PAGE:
My roommate clued me in this morning to another awesomely informative graphic from the data rockstars at the NYT:
Anybody see the Daily Pennsylvanian today? There was a big infographic on the front page about the operating budget for the Undergraduate Assembly. Although I was initially excited about the graphic, I was immediately reminded of an article about a similar graphic that I read yesterday on Flowing Data. Nathan, the author of this article, asked Flowing Data readers to find flaws in this infographic. One of the comments on the Flowing Data entry read:
“Well I would say they drew the circles with radius relative to the presented [quantity], which translates visually [into] something relative [to the] square of the quantity… remember – we see the circle area which is = PI * radius ^ 2. They should have used radius = constant * sqrt(quantity)…”
Perhaps this is nit-picky, but I am left looking at the DP infographic and wondering – are the circles actually in proportion to one another in some way? Were the circles’ areas calculated? Or, were the radii simply calculated (a task much easier to perform using Adobe Illustrator)? So, are we really getting a sense of on what the UA’s money is being spent, or is there some visual bias being imparted to the DP readership?
I was pondering the more “open” ideas of mapping we were talking about in class today – maps as relationships between ideas/places/objects/space – and was reminded of the various technological dissections I’ve seen on the internet. They are maps of the internal workings of the devices – and they typically use the projection techniques we discussed in class this morning. First: a poetic and da Vinci-esque “steampunk” aesthetic drawing of a dissection of the Apple iPhone, by artist Kevin Tong:
I was originally interested in technology dissection after the MacBook Air came out, and SlashDot posted a dissection of the notebook. I can’t find this video at present, but here’s an a peek into the number of screws involved.
In Mapping Experience, Marc Treib uses the London Underground map to show how maps are diagrammatic – “clear, articulate, and legible–all the things that London as a city is not.” After reading this section of the article, I instantly remembered the wikipedia representation of Amtrak’s North East Corridor route, designed by wikipedia users. It is certainly all the things that the North East Corridor is not. There is also no notion of scale – nor is there the “east” directionality, but rather only the “north.” Although Treib describes the two dimensionality of maps as a limitation, I think this extreme example of a one dimensional map demonstrates perfectly how the limitation can be a benefit. The train passenger certainly feels this linearity while riding, especially during the portion of the trip that travels directly beside I-95 N.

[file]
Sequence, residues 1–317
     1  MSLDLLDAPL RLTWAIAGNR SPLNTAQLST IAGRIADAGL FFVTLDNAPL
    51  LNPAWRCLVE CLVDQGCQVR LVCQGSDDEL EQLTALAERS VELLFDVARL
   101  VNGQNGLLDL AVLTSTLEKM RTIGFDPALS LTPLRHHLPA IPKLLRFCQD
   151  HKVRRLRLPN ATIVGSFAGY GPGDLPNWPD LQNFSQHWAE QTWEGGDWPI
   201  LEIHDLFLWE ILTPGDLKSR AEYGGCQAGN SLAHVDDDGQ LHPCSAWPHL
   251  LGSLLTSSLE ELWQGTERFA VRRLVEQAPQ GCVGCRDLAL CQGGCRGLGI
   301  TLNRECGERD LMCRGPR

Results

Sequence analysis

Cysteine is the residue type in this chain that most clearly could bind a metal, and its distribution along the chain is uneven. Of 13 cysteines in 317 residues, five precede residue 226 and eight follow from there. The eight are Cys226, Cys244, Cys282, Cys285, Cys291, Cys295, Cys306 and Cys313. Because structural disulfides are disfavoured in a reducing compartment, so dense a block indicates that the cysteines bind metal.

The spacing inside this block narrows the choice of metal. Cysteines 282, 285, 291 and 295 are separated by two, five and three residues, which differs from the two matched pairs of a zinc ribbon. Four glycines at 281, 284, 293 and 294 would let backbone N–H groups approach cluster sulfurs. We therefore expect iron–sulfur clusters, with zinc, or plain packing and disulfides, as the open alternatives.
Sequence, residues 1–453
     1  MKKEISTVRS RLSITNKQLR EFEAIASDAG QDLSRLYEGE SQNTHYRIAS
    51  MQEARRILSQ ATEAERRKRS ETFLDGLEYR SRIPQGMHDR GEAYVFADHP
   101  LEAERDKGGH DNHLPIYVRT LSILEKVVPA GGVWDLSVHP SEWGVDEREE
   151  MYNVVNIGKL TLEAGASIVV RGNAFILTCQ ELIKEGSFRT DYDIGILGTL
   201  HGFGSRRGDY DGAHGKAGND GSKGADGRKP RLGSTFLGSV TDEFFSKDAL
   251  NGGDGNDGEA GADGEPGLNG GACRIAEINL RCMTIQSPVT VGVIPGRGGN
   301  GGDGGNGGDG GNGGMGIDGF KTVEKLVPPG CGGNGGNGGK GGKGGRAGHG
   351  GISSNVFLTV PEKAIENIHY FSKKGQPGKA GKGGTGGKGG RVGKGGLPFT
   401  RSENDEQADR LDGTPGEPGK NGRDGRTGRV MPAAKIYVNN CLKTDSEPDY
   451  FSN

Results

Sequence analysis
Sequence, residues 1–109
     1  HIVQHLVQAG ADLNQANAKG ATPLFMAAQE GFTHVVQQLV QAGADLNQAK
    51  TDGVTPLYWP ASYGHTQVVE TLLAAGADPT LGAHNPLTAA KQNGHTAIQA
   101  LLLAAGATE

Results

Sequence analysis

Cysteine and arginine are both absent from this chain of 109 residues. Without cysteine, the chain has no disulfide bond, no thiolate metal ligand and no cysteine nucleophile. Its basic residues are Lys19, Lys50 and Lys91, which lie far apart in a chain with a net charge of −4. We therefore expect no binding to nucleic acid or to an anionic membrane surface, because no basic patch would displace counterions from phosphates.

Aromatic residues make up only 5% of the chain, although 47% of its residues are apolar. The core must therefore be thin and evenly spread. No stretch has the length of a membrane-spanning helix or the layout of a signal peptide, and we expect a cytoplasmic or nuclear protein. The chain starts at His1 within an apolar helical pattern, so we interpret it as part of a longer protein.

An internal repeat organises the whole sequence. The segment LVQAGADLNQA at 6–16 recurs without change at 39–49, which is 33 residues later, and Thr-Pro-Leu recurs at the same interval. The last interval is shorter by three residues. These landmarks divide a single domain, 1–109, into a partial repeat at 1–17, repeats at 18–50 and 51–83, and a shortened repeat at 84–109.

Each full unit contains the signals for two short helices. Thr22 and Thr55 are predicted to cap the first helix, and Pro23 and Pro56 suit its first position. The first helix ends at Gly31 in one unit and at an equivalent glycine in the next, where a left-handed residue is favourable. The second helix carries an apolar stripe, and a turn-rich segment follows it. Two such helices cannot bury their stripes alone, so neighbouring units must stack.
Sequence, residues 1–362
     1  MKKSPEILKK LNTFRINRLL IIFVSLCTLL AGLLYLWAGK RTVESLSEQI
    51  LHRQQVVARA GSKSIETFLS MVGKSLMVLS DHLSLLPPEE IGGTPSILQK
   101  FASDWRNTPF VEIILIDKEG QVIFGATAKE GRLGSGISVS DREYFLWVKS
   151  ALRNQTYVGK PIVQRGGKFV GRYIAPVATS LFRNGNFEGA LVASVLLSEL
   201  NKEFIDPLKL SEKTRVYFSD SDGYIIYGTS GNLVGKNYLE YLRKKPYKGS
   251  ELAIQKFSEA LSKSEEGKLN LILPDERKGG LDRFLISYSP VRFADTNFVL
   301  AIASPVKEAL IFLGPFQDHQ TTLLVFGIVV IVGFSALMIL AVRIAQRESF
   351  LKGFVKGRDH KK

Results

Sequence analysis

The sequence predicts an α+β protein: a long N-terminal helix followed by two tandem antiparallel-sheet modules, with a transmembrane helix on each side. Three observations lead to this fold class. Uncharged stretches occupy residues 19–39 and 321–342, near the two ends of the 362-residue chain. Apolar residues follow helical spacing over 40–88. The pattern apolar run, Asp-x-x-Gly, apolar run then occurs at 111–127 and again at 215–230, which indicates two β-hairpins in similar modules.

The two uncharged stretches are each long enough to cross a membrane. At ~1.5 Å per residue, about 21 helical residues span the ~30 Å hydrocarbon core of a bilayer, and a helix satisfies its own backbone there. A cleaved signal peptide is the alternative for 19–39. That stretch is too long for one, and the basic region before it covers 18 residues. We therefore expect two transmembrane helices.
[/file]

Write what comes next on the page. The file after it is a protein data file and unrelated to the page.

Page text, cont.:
This site is an interactive way to come up with new names, that allows you to search an extensive database and then compare, finding names that contain the same sequences of letters or sounds. The filtered data is displayed in the standard brainstorming “web” style.
Demetri Martin is a Law School drop-out with a penchant for humor derived from statistics and images. See the below video for a taste of his (sometimes vulgar, consider yourself warned) bizarre humor.
If you like what you see, I suggest you also watch his BBC-produced comedy/biography series entitled “If I.” In this hour-long piece, available in six parts on youtube.com, Martin discusses his compulsions, including generating a scoring-system for himself in which he decides how good of a person he is over the course of a week. Examples: I eat a piece of fruit: +1! I do something nice for my significant other: +1! He collects the type of personal data that we are collecting in FNAR 337. He also has a new show entitled “Important Things With Demetri Martin” which is slated to begin in February on Comedy Central.